They have a lot in common: they all grew up in hardship. The toilet was at the bottom of the yard, they had no running water, no central heating or even electricity in some cases, and certainly no TV, phone or other mod cons. It was a time of deprivation and hard work – most left school at 13 or 14 to put money on the kitchen table. But it was also an era of community, of sharing and caring, and learning to make do on very little.
The men and women in this book were resilient and faced life with good humour, despite experience of challenging events such as war, disease, disability, inequality, poverty and the death of loved ones. Hearing their fascinating stories is to be brought into direct contact with a way of life in the city now forever gone.”
Corinne Sweet, from the introduction to Money on’t Table – Grit, Work and Family Pride
We are very pleased to congratulate Conor Woodman on the publication of his hair-raising book Sharks: Investigating the Criminal Heart of the Global City.
Misha Glenny, author of McMafia and Nemesis, has said:
‘Conor Woodman seeks to become a victim of each crime before engaging with the criminal him or herself. This leads him to the end of a barrel of a gun on more than one occasion and reveals the rotting underbelly across the world, whether in New Orleans, Jerusalem or Bogotá.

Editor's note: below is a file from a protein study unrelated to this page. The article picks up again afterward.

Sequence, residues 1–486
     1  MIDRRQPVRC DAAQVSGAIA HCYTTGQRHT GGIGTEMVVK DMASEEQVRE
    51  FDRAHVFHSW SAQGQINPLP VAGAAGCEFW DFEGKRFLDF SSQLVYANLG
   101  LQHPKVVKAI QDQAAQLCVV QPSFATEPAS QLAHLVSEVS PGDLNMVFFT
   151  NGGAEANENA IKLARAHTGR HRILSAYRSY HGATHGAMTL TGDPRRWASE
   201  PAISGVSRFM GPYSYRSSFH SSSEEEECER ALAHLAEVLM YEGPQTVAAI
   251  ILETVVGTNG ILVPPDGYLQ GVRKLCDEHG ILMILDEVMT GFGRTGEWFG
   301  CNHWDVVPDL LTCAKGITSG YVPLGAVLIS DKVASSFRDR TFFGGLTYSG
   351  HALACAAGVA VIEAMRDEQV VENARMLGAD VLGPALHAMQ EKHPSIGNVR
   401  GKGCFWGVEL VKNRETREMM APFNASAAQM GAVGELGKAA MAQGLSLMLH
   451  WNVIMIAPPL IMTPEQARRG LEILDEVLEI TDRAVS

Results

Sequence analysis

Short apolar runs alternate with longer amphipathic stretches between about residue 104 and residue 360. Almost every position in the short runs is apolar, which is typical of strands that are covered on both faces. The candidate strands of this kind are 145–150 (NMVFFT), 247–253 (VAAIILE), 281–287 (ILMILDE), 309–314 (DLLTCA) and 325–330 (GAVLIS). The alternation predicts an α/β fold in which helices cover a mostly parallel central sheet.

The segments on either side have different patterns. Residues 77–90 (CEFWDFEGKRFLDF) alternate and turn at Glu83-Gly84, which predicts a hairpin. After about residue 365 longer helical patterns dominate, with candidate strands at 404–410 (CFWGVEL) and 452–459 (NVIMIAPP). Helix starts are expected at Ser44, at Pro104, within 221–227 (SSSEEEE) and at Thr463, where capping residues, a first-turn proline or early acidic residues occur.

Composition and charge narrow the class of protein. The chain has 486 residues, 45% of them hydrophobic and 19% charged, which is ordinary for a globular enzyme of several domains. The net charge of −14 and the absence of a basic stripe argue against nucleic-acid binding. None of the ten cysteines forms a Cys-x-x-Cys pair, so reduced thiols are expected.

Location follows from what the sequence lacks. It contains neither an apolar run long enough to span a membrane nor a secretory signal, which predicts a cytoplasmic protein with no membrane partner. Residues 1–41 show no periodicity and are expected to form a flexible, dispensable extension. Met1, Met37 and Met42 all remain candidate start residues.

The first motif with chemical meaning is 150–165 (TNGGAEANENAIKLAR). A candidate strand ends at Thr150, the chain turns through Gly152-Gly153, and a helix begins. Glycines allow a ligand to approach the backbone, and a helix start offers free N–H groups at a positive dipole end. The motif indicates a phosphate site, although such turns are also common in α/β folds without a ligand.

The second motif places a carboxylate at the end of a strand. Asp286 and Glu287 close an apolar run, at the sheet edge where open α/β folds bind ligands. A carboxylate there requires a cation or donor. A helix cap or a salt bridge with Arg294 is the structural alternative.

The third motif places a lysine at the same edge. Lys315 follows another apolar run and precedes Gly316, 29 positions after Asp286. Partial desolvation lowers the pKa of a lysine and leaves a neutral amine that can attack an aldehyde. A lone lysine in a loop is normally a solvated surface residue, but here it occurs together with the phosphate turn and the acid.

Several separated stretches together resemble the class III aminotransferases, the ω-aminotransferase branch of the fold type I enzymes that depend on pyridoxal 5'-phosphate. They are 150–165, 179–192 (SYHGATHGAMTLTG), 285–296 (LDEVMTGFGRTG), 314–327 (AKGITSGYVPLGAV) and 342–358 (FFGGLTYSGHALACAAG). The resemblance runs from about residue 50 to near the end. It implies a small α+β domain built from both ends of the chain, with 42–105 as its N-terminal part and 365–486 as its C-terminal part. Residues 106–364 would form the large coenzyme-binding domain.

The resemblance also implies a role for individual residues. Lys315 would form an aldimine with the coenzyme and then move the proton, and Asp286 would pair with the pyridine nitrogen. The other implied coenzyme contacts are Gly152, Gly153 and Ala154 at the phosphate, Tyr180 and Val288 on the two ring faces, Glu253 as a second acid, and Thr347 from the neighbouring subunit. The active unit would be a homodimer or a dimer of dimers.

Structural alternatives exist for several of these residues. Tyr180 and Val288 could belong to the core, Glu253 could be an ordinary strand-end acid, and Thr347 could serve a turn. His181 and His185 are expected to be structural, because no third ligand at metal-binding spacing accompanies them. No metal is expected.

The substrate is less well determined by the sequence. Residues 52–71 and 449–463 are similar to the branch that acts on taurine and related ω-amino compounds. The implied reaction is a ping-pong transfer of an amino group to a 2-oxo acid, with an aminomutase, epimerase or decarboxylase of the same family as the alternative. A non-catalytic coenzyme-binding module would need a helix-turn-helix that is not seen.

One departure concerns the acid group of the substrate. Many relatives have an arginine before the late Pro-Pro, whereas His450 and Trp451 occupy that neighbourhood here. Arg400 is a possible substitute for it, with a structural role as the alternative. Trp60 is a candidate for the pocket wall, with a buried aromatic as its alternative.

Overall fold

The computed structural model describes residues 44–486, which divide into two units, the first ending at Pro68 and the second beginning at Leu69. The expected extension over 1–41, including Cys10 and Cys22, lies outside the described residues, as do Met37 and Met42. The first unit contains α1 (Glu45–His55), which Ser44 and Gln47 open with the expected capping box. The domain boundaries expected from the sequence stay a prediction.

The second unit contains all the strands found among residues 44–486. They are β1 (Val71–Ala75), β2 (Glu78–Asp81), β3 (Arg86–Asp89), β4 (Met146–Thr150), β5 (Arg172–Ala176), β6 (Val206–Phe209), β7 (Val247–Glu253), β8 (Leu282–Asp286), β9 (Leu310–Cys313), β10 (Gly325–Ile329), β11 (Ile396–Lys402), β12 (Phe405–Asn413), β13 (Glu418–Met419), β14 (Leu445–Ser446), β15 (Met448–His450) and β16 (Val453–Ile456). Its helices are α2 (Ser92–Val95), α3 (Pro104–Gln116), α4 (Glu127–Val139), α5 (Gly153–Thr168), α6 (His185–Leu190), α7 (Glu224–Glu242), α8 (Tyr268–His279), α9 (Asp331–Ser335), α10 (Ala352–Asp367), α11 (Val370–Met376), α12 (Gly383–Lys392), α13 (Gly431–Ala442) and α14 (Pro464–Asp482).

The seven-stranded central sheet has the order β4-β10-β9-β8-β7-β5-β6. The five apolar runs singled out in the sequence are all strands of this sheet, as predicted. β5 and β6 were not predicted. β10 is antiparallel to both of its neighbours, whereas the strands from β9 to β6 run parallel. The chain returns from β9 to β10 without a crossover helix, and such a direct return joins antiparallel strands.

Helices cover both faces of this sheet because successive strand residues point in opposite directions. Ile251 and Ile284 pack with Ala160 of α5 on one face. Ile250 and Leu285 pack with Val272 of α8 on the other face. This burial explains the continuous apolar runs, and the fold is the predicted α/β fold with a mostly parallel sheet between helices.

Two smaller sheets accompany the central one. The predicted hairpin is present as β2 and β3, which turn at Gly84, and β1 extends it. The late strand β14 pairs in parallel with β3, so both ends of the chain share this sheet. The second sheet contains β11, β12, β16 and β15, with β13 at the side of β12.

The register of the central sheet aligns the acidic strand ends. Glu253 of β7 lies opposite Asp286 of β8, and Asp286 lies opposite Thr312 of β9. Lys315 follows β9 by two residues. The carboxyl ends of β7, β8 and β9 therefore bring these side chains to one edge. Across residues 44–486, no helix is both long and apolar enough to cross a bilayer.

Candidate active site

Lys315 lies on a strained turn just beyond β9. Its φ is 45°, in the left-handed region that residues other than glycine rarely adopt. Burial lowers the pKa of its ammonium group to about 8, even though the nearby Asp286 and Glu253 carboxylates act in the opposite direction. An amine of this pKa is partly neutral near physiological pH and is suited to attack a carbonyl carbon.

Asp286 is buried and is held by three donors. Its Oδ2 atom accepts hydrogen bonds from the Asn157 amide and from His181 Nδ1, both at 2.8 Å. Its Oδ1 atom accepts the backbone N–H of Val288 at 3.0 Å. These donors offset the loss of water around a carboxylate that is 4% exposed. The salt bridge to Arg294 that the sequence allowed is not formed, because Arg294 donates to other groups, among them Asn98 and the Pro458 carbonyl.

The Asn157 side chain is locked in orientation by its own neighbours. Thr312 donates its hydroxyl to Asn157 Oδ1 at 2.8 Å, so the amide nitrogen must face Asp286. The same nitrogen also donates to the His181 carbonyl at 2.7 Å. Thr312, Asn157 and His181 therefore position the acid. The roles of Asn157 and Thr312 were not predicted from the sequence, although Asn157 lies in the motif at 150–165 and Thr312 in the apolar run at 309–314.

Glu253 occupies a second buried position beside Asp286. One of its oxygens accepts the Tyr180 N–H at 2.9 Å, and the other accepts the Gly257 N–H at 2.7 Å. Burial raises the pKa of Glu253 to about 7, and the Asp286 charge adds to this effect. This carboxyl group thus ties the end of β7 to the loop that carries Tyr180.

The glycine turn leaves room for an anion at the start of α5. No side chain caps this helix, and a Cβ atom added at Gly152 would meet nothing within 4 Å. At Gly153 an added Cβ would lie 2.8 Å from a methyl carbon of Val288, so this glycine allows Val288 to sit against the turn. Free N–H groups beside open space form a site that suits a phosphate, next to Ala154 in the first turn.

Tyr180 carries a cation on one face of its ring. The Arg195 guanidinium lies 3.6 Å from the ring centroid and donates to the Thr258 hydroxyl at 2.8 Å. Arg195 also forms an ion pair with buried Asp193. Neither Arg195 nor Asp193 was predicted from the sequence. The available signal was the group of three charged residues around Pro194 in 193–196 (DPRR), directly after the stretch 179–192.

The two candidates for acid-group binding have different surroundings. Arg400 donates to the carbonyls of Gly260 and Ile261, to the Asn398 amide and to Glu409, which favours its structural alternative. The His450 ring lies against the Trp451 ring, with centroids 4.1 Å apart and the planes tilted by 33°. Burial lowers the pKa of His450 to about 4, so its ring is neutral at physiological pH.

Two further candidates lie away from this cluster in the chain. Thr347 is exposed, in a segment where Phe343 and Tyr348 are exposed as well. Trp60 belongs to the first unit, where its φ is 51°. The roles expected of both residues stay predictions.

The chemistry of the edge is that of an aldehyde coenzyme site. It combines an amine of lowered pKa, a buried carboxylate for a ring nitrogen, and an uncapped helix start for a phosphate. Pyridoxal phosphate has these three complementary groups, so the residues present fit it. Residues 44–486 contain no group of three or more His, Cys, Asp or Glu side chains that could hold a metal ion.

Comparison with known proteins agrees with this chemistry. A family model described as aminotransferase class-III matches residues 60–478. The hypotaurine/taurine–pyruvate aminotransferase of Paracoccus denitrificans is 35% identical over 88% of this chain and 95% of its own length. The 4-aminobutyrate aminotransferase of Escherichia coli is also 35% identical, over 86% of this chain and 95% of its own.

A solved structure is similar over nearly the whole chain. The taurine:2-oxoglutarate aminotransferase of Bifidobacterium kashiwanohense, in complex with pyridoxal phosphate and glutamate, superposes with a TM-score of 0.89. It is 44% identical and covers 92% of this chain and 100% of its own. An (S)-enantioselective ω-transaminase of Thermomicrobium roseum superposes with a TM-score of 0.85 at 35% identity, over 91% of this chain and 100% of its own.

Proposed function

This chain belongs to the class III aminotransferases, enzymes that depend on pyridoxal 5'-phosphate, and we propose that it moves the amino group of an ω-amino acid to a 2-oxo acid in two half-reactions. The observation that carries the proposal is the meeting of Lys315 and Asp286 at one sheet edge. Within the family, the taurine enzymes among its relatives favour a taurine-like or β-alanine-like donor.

‘I almost hesitate to admit it but while this book is at turns astonishing and frightening, it is peppered with great wit and the reader will occasionally find it hard to stop themselves from laughing out loud.’
Conor will be talking about the book at Cafe Zedel this Thursday, get your tickets here. And for a preview:
I’m delighted to write that Brutal London, a collection of Simon Phipps’s photography of the Brutalist architecture of London, is published today.
It has been very heartening to see the reaction and support from many architecture and design enthusiasts online already, so thank you if you have been part of that. It’s also been great to hear from bookshops and other retailers who will be stocking the book, and I’ll be packing up posters today for those who want to display them. If you’re a retailer and would like one, please feel free to drop me a line at ed [at] septemberpublishing [dot] org.
I thought I’d pick a highlight from the book to showcase on the blog. It comes from my home borough of Wandsworth, and is accompanied below by Simon’s explanatory text. It’s a visually very striking spread with building information which really furthered my knowledge of the origins of the Brutalist movement.
We’ll be posting blogs and other bits of upcoming press here. I thought today I’d share a sentence by Simon which appears in a soon-to-be-published blog piece, and which echoes my feelings about the book entirely:
‘I am hopeful that the book will contribute by acting as an incentive for people to roam, to walk the city and give consideration to the great wealth of Brutalist and modernist architecture bestowed upon London by visionary architects.’
– Ed Griffiths, editor and publicist